Where Research is a Delight!
A couple of weeks ago we were fortunate to receive a donation of Bernard Elias material. Bernard was a photographer, filmmaker, world traveler, avid hiker, and a fierce advocate for nature conservation in the Southern Appalachian Mountains. Bernard was born in 1918 and grew up in Biltmore Forest. His family home provided a great vantage point for him to take in the natural beauty of places like Mount Pisgah. Evidently taking in the scenery wasn’t enough. According to author and hiker, Danny Bernstein, at age 14 Bernard and a buddy had a real hankering to walk to the top of Mount Pisgah. Age, gear, and land access limitations be darned!
From Danny’s article published in the MountainXpress in 2006:
The boys didn’t have sleeping bags so they took army blankets, a pup tent and cans of food — there were no freeze-dried meals back then. They jumped the fence into Biltmore Estate — the place was not as heavily patrolled as it is now — and managed to get someone to row them across the French Broad River. From there (this was before the Blue Ridge Parkway, mind you), all they had to guide them was the Shut-In Trail, a route originally built by George Vanderbilt to get him from his estate to Buck Spring Lodge. The boys took two days to reach Mount Pisgah.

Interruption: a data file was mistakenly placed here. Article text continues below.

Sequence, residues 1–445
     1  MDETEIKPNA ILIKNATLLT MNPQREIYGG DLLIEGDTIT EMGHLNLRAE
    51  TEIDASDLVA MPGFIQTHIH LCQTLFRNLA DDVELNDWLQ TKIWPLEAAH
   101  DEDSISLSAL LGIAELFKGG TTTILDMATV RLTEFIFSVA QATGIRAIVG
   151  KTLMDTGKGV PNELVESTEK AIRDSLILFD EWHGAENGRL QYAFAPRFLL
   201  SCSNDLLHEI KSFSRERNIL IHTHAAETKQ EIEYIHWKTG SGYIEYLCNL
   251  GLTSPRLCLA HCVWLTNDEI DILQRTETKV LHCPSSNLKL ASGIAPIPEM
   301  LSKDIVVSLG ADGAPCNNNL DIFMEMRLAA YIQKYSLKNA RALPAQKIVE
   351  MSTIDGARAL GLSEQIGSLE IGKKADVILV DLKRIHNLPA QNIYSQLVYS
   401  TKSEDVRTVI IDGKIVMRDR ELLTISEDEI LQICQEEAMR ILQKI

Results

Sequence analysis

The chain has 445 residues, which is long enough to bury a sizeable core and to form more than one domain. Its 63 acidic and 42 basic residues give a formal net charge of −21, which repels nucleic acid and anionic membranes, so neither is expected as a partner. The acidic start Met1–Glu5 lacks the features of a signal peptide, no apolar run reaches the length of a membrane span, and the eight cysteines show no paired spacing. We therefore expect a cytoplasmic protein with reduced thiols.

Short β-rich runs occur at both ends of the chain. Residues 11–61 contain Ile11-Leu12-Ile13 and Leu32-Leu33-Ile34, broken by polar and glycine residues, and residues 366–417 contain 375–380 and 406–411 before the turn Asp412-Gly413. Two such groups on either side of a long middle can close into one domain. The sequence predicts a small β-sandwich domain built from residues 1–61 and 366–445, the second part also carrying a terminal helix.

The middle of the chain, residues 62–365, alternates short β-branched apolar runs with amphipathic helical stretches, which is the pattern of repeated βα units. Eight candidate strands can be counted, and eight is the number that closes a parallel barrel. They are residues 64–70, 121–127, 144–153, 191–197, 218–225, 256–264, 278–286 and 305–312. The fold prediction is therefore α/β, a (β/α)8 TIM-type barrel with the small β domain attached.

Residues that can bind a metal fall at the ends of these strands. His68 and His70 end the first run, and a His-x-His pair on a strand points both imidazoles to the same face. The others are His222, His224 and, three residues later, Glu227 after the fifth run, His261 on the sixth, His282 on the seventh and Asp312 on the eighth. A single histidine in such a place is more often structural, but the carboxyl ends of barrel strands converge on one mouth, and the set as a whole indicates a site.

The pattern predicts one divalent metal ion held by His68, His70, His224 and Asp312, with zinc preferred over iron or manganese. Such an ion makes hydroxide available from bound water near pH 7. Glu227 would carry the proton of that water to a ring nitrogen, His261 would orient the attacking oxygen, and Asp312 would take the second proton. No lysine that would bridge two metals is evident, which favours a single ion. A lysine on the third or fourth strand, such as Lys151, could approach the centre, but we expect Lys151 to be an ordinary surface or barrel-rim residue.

Now that’s pretty impressive in my book. It’s staggering to think of the effort it took to just get to a trailhead, much less hike the thing. Anyone hiking the area in the pre-Blue Ridge Parkway days had to REALLY want to hike.
The young Elias survived his Mount Pisgah stint and went on to graduate from Duke University, be a Scoutmaster, work as a Navy photographer during WWII, and hold positions with Ecusta Paper Plant and Ball Photo.
Bernard Elias was the longest tenured member of the Carolina Mountain Club. He worked tirelessly to stop the Transmountain Railroad through the Smokies in the 1960s. His map The 100 Favorite Trails of the Great Smokies and Carolina Blue Ridge, first published in 1966, is highly regarded and still in demand today.
Here’s some publicity all the way from Indiana in 1989:
His knowledge of Southern Appalachian trails was much sought after within the community.
I got a good giggle out of this one:
He could also wear a hat with great panache.
Post by Lyme Kedic
Special thanks to Danny Bernstein for her work in facilitating this donation.